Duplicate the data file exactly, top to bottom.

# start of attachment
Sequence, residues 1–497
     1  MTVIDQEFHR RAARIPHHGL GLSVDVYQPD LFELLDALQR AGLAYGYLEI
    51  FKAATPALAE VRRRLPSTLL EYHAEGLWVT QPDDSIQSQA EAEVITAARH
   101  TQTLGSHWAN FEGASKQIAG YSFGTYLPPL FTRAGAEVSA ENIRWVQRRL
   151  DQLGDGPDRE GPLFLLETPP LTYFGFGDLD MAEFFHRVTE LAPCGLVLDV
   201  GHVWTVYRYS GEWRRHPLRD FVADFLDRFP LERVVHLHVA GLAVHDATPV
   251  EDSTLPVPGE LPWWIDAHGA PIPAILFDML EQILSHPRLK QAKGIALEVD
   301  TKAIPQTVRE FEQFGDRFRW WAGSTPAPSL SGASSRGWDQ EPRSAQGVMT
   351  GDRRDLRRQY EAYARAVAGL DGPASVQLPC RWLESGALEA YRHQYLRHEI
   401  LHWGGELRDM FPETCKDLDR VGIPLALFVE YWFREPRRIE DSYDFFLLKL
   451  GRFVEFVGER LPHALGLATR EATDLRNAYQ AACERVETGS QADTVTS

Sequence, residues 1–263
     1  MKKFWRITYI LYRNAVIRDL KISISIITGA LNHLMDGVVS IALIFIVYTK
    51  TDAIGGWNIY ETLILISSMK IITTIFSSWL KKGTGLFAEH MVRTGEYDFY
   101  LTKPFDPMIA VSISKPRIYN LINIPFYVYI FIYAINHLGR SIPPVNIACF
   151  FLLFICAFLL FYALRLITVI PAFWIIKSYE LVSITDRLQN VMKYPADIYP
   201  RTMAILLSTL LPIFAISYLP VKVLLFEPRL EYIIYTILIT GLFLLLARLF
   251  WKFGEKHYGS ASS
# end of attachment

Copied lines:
Sequence, residues 1–497
     1  MTVIDQEFHR RAARIPHHGL GLSVDVYQPD LFELLDALQR AGLAYGYLEI
    51  FKAATPALAE VRRRLPSTLL EYHAEGLWVT QPDDSIQSQA EAEVITAARH
   101  TQTLGSHWAN FEGASKQIAG YSFGTYLPPL FTRAGAEVSA ENIRWVQRRL
   151  DQLGDGPDRE GPLFLLETPP LTYFGFGDLD MAEFFHRVTE LAPCGLVLDV
   201  GHVWTVYRYS GEWRRHPLRD FVADFLDRFP LERVVHLHVA GLAVHDATPV
   251  EDSTLPVPGE LPWWIDAHGA PIPAILFDML EQILSHPRLK QAKGIALEVD
   301  TKAIPQTVRE FEQFGDRFRW WAGSTPAPSL SGASSRGWDQ EPRSAQGVMT
   351  GDRRDLRRQY EAYARAVAGL DGPASVQLPC RWLESGALEA YRHQYLRHEI
   401  LHWGGELRDM FPETCKDLDR VGIPLALFVE YWFREPRRIE DSYDFFLLKL
   451  GRFVEFVGER LPHALGLATR EATDLRNAYQ AACERVETGS QADTVTS

Sequence, residues 1–263
     1  MKKFWRITYI LYRNAVIRDL KISISIITGA LNHLMDGVVS IALIFIVYTK
    51  TDAIGGWNIY ETLILISSMK IITTIFSSWL KKGTGLFAEH MVRTGEYDFY
   101  LTKPFDPMIA VSISKPRIYN LINIPFYVYI FIYAINHLGR SIPPVNIACF
   151  FLLFICAFLL FYALRLITVI PAFWIIKSYE LVSITDRLQN VMKYPADIYP
   201  RTMAILLSTL LPIFAISYLP VKVLLFEPRL EYIIYTILIT GLFLLLARLF
   251  WKFGEKHYGS ASS